Newly published research using a novel “triple drawdown” (TDD) technique for surveying has shown that signal crayfish can exist at astonishing densities – over 100 individuals per square meter counting juveniles. In the face of this revelation, the research also suggests that trapping, as a method of control, is relatively futile: something the scientific community has been saying for some while. The three study reaches were trapped in a conventional way, before being surveyed again using the TDD method. The numbers caught using TDD showed just how many conventional trapping left behind.
The headlines so far on social media, including from the Angling Trust, have focussed on this latter point, the relative inefficacy of trapping. In fact I believe the study and some of the data suggest a more nuanced position on the efficacy of trapping as a means of control. At the very least it highlights an important area for further research if we are to limit the destruction by crayfish of our rare chalk streams.
My issue with the bald “trapping is futile” position is threefold:
• there is currently no form of biocidal or allowable genetic control and yet signal crayfish cause enormous damage to the physical structure and biodiversity of globally rare chalk streams like the River Bure in Norfolk – we ought therefore to be looking for a form of trapping that can help control their numbers, even if outright elimination is currently impossible (the analogy with the government’s current Covid policy is too obvious to miss)
• the so-called futility / ineffectiveness is rarely contextualised against a desired outcome as above. If numerical control of the adults which damage the habitat were the desired goal then a form of trapping may well be found to be “effective”: this is something that has not yet been tested with a bespoke study programme.
• unlicensed, ad hoc and recreational trapping is likely to be one of the major vectors of the spread of invasive crayfish from one waterbody to another: the prevention of this spread is a major motivation – and a very laudable one – behind the message that trapping is futile as a means of control. But it may also mean that the message is subject to a touch of confirmation bias.
First of all it is worth emphasising that this new study is mostly about a novel method of sampling crayfish numbers, one that is far more effective at revealing the numbers of animals that exist than previous techniques. The literature review points out the deficiencies of all previous methods of trapping, electrofishing and even biocidal control, none of which get close to revealing the true numbers in the way that the triple-drawdown (TDD) method does.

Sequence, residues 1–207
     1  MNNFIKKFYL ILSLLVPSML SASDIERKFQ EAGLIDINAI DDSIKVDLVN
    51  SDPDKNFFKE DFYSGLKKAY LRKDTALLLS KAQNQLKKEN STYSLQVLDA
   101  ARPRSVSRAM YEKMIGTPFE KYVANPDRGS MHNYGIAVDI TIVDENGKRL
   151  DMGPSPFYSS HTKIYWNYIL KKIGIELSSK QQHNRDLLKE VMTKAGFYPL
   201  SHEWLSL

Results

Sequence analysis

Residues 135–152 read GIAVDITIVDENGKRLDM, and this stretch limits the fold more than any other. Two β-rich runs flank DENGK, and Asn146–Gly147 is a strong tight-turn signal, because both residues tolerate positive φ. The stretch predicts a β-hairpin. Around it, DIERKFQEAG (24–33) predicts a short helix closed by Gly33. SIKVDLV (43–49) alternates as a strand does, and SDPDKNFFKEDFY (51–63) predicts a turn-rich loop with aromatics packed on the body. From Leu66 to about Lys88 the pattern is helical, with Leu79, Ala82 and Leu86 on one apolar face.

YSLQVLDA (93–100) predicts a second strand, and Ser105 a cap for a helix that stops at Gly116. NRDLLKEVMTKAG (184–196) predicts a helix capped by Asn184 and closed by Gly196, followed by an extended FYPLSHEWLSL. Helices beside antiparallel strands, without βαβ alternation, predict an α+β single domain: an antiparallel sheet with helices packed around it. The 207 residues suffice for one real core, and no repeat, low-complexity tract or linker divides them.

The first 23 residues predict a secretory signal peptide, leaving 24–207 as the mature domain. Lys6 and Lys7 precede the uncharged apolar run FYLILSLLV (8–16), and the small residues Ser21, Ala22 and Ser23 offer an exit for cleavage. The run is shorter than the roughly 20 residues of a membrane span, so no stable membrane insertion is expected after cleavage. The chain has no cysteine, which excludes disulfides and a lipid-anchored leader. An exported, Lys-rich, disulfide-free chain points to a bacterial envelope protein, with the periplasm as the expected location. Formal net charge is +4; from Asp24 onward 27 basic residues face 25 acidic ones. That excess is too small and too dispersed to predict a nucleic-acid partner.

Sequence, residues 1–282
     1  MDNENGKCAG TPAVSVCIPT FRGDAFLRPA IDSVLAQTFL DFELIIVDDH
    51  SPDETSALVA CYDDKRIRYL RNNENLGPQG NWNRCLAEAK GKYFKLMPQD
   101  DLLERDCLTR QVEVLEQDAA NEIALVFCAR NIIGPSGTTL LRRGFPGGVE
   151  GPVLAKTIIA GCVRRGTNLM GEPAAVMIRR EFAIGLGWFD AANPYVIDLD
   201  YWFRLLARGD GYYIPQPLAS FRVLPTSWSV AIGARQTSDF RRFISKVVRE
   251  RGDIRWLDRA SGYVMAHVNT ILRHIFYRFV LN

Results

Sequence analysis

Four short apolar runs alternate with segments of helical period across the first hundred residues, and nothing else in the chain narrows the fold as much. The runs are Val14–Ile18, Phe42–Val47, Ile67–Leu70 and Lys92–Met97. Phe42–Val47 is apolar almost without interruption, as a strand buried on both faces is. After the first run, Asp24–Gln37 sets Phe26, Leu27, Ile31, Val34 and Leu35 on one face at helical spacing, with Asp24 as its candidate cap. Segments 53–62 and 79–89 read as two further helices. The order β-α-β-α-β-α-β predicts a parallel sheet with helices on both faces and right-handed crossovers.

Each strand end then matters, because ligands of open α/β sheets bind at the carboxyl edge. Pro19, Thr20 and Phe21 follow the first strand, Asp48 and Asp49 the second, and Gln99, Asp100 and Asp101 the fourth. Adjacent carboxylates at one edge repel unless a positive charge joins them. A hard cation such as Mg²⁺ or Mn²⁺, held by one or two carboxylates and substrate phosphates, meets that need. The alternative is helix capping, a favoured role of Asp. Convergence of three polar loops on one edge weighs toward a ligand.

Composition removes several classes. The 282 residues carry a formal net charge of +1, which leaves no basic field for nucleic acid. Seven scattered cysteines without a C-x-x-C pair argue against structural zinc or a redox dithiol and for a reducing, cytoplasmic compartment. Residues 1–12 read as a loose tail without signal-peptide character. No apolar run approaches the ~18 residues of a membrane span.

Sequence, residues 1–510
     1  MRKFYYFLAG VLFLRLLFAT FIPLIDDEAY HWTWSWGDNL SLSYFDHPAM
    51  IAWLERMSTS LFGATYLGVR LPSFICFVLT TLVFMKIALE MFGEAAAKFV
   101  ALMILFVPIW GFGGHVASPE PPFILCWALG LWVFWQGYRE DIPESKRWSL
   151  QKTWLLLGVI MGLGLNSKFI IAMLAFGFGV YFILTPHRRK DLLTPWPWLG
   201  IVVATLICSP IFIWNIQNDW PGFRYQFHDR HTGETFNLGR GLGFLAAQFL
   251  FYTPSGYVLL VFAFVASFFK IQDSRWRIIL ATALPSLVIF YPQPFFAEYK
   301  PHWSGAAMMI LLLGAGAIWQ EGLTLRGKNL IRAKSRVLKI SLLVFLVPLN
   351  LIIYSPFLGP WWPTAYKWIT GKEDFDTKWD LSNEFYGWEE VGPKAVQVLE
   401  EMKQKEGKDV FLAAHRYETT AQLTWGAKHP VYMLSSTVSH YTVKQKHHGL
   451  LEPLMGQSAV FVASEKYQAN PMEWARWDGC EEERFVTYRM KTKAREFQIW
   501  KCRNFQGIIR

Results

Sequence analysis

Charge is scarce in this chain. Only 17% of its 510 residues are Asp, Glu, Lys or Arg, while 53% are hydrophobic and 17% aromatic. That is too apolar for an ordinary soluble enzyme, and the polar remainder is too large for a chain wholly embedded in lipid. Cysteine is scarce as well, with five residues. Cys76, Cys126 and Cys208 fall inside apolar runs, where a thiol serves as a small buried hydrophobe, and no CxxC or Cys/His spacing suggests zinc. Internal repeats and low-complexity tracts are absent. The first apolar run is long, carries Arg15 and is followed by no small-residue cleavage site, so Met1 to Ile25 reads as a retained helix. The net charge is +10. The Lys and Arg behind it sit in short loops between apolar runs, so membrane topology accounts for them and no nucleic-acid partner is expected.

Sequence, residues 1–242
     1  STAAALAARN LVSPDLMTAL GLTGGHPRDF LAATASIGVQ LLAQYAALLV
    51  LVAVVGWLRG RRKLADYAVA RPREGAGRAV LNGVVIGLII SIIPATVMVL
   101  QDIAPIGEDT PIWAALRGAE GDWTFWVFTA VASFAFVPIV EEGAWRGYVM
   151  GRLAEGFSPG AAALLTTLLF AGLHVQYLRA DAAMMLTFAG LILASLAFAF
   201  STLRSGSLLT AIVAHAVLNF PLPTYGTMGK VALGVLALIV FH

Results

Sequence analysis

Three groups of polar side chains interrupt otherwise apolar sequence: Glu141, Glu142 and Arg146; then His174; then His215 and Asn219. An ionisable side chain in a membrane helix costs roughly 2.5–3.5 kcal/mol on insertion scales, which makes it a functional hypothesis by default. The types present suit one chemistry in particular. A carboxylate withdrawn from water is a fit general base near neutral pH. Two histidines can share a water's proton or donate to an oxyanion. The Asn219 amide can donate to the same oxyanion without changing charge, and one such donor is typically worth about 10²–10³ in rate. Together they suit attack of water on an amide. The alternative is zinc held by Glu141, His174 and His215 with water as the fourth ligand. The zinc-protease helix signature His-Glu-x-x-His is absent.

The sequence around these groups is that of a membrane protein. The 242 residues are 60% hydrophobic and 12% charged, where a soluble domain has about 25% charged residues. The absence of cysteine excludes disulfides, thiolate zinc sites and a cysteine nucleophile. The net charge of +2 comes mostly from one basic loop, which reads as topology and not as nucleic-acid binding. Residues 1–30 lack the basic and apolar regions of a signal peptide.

It’s a brilliantly simple idea: the authors built a dam across the stream and used a pump to bypass and thus dry out a reach of streambed below the dam. The dried-out reach was then searched by hand, after which flow was allowed to resume, encouraging any crayfish that had managed to hide away during the first search to re-emerge. The process was repeated until no more crayfish could be found. Stop nets at the upper and lower limits prevented other crayfish from entering the study reach when it was re-watered.
The results of the TDD survey were compared with hand-searching and baited funnel trapping carried out on the exact same study reaches before the TDD trial.
The study was conducted on a small stream in Yorkshire, the Bookill Gill Beck in the Ribble catchment: a small stream, 5km long and 0.5 to 2 meters wide. This stream once held juvenile trout and salmon, as well as native crayfish. Now, following an illegal introduction of signal crayfish in 1995, all it seems to hold are signal crayfish in enormous numbers.
Three sites (DGB, PAD and CON) were selected for the study. In 2016 DGB and CON were surveyed and in 2017 DGB and PAD were surveyed. CON, therefore, was surveyed only once.
DGB and PAD were close to the each other quite high up the stream while CON was very close to the confluence with the Long Preston Beck.
The results unequivocally show that trapping tends to catch the larger individuals (average carapace length of approx 30 to 40mm) and that very few sub-adults were caught in the traps and virtually no juveniles. It’s worth pointing out that sub-adult crayfish are still sexually mature.
The hand-searching, on the other hand, caught roughly the same number as trapping (883 versus 721) but of a smaller size, mostly juveniles and sub-adults.
The TDD method, by contrast, caught vastly more crayfish and of all size classes, a total of 4,803, and revealed that a very large proportion of the crayfish population comprised juveniles, averaging 55%, ranging from 36% to 72%.
These are the crayfish not caught by trapping, seeming to suggest – as the conclusion states – “unequivocally that trapping cannot be used as an effective control method for invasive crayfish populations at least in conditions resembling our study system”. Note that caveat to the “unequivocal” conclusion, italicised by me.